Roughly translating to ‘kneaded bread’, pan sobao is a Puerto Rican delight that has been gaining popularity abroad.
Similar to a brioche or challah, this bread is semi-sweet and delicious. It has a soft crust and a spongy texture that can’t be beat.
If you have ever bought it before you know it’s common practice to buy 2 because you can’t help eating one on your way home.
Pan sobao gets its unique taste and texture from one of its main ingredients: lard.
For a vegetarian alternative you can use vegetable shortening, but you won’t get that authentic taste.
Despite being a semi-sweet bread, pan sobao is extremely versatile.
It can be used in savory meals, as a part of breakfast, ate as a midday snack, or turned into a delicious dessert.
The best part is, it is so easy to make. Soon you will be swapping out all the bread in your house with homemade pan sobao.
Below you will find the easiest way to make pan sobao at home and what flavors will work well with it.
Once you’ve mastered the basic recipe you can try experimenting with different flavors.
How To Make Easy Pan Sobao?
This bread only takes 6 ingredients to make, and if you’re a baking fan then you probably already have most of these in your pantry.
This recipe makes about 1 loaf, but we recommend doubling or tripling the recipe. Trust us,
You’ll be disappointed you only made one loaf when it goes in one day.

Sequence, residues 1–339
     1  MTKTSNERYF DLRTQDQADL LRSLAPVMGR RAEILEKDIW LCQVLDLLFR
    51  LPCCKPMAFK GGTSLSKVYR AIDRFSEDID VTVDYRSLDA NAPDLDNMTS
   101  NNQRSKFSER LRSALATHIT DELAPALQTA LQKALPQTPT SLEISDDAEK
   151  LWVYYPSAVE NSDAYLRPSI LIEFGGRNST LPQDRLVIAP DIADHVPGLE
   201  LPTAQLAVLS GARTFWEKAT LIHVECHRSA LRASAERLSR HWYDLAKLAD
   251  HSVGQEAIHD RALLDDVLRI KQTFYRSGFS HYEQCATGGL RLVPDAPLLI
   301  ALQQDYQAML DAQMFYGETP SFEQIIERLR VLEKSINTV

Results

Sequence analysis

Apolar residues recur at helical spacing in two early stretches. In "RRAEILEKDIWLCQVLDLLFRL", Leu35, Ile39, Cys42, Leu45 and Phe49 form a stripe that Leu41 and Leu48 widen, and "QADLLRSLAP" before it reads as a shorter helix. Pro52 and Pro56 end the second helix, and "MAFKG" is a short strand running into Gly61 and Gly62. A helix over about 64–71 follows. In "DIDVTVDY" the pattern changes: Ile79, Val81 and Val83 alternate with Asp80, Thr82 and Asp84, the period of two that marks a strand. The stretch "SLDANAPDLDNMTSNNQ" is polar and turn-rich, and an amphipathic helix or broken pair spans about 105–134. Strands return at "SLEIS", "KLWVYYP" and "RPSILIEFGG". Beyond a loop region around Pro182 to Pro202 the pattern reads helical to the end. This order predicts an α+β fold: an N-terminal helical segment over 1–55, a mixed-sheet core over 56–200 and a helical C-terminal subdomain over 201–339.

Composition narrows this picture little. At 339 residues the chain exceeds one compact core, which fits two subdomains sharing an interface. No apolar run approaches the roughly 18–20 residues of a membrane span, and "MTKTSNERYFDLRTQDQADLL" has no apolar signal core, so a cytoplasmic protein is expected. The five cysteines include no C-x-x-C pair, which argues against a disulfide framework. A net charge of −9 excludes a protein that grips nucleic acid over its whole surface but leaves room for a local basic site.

- ¾ cup of warm water
- 1 packet of active dry yeast
- 2 tablespoons of white granulated sugar
- 2 tablespoons of lard
- 2 ½ cups of bread flour
- 1 teaspoon of kosher salt
- Put your yeast, sugar and warm water into a bowl. Let bloom for about 15 mins. The water must be warm to activate the yeast.
- Add your lard, salt, and 1 cup of the flour to the yeast mixture and combine.
- Add a ¼ cup of flour at a time and mix until it forms a dough.
- Lightly flour your counter and place your dough onto it.
- Knead the dough for about 10 mins. This is to stretch the gluten in it so it becomes spongy. You’ll know it’s ready when it’s stretchy and smooth.
- Place the dough in a lightly oiled bowl. Cover it with a clean towel, and let it proof in a warm spot for about 45 minutes.
- Punch down your dough to remove air bubbles.
- Gently knead again until smooth (this should only take a couple of kneads).
- Form the dough into a ball and cover it again with the towel. Let it rest for about 15 minutes.
- Roll your dough into a baguette shape. You can do this by rolling the dough back and forth like a rolling pin. Try to keep your hands moving across it so it stays the same length.
- Put it on a parchment paper lined baking sheet. Tuck in each end of the dough for a neater shape.
- Once again, cover it in a towel. Let it proof a second time, this should be about an hour or until it’s doubled in size.
- Preheat your oven to 400 degrees fahrenheit.
- Cook in the middle of the over for about 25-30 minutes or until it’s golden brown.
- The bread should sound hollow when tapped underneath.
- Let it cool completely on a drying rack before slicing with a bread knife.
Any leftovers you have can be frozen until you next want to eat it. All you have to do is take it out of the freezer and let it thaw at room temperature.